Three Book Reviews
By MOHAN NADKARNI writing as GURUDEV SHARAN
Times of India, September 5, 1976
A TOUCH OF CLASS
- Muttusvamy Dikshitar, Edited by V. Raghavan, National Centre for the Performing Arts, Bombay, Rs 15)
The advent of the celebrated trinity – Syama Sastri, Tyagaraja and Muttusvami Dikshitar – between 1763 and 1847 A.D. is rightly regarded as the golden age of Carnatic music. They were all excellent composer-musicians as well as great yogis and mystics.
Each of them influenced the course of Carnatic music by the power of his individual genius and talent and it is through the works of the trinity that the kriti, the soul of Carnatic music, revealed itself at its finest.
This superbly produced volume on Muttusvami Dikshitar, the youngest of the trinity, is edited by Dr. Raghavan. He is one of our greatest authorities on Dikshitar and his work and has written an extensive and highly illuminating article on the composer-musician.
Dr. Raghavan discusses Dikshitar’s family tradition and his shishya parampara. His book also includes the text of the Navagraha kritis with svaralipi (notation) by B Krishnamurthy. A Dikshitar bibliography, a selective discography and a comprehensive index to the musical composititions of the entire Dikshitar parampara are other sections which add immensely to the usefulness of the publication.
The painstaking labour of Dr.Raghavan has contributed greatly towards making the book indispensable for students of music.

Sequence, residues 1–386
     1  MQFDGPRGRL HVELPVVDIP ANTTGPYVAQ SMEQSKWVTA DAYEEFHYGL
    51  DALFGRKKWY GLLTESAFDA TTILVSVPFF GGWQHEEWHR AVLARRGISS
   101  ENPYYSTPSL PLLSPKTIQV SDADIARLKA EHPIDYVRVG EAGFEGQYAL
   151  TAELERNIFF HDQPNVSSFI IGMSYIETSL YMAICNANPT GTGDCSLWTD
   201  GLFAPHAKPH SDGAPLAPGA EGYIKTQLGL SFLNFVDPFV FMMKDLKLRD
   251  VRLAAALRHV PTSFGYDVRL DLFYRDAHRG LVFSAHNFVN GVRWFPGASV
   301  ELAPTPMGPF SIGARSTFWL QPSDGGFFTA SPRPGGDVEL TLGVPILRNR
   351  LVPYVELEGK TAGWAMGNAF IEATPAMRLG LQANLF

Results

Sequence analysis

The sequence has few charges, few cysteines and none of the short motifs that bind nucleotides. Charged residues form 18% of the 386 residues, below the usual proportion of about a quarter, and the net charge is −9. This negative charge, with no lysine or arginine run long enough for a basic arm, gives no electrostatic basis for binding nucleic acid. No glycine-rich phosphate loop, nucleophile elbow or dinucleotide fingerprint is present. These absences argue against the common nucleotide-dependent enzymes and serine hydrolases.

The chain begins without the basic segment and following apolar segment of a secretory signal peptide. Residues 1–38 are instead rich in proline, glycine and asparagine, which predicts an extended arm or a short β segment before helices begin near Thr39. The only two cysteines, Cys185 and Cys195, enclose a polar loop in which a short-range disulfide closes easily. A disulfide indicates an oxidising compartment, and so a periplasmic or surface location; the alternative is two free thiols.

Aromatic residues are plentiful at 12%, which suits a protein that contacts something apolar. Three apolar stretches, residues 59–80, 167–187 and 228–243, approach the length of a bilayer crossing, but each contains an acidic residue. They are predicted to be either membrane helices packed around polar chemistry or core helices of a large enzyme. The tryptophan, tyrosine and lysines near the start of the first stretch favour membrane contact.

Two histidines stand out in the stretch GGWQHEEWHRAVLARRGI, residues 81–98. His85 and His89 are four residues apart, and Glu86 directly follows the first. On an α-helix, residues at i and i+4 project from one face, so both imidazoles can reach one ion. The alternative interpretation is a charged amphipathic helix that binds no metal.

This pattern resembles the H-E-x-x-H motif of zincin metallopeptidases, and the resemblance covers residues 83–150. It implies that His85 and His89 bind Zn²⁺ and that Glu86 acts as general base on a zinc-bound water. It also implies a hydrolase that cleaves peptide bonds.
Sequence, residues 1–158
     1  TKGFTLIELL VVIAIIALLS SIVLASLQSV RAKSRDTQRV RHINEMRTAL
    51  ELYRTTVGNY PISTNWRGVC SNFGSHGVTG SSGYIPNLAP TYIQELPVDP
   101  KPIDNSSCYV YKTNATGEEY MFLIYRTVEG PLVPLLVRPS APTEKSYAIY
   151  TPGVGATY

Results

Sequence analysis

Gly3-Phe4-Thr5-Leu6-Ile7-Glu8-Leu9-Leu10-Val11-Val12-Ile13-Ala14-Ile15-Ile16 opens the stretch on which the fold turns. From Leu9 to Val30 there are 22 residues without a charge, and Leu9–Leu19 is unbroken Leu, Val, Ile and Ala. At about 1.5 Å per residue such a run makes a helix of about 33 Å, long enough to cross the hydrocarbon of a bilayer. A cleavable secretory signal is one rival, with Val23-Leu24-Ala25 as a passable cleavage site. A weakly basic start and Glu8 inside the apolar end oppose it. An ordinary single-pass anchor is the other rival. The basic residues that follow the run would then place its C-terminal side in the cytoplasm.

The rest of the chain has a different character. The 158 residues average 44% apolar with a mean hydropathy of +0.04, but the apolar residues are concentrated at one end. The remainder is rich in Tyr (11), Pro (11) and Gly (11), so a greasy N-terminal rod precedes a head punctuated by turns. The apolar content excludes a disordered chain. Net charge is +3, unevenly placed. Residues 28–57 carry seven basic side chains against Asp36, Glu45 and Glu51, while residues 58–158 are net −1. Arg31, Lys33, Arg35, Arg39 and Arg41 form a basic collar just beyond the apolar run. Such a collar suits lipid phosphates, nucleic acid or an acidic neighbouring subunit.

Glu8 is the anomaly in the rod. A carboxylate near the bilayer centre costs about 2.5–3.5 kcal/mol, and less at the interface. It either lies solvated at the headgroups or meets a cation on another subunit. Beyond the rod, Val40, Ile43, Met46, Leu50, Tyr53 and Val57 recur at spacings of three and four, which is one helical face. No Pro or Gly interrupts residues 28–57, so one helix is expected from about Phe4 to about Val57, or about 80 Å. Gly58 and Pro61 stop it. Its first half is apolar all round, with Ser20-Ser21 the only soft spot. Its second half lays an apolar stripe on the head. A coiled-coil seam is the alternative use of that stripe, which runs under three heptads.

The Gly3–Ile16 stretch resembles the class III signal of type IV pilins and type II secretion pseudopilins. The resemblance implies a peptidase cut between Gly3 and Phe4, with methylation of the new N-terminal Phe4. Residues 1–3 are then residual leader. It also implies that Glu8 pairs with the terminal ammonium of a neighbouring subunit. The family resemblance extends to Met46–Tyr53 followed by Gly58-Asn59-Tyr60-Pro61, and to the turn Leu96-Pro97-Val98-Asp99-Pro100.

MUSIC FOR MANY MOODS
- The Sound of Music in Rajasthan by U B Mathur, (The Music Lovers, Jaipur, Rs 95)
Rajasthan, probably one of the most tradition-bound regions of the world has a rich heritage of folk music. While it shares the genius of Indian tradition in general, the musical heritage of this desert province has some of its own distinctive features.
The people of Rajasthan belong to many ethnic groups and are all a colourful lot. Tone and rhythm course through their veins and there are songs for every occasion with an almost unending variety of tunes.
Dr. Mathur’s book comprising a selection of 60 popular Rajasthani songs in their English versions, has been published to coincide with the World Music Week. The author has kept the foreign readership in view while writing the book, as can be seen from its lavishly got-up format, as also its content and treatment.
The songs, grouped in four sections – devotional, amorous, festal and occasional are written in staff notations and the tempo for each tune is indicated in terms of metronome figures with a crochet denoting a unit of time. It also carries a brief foreword by Yehudi Menuhin, the world-famous violin maestro and President of the International Music Council.
Each page of the anthology is embellished with sketches of some of the little known musicians of Rajasthan with their musical instruments, with copious notes of introduction to each of the illustrations.
The author inter alia speaks of an “amazing similarity” between the folk music of Rajasthan and that of southern and eastern Europe and the Mediterranean region and underscores “the need to bring the outsiders close to our music, the people in many lands who have interest and receptivity to music which is other than their own.”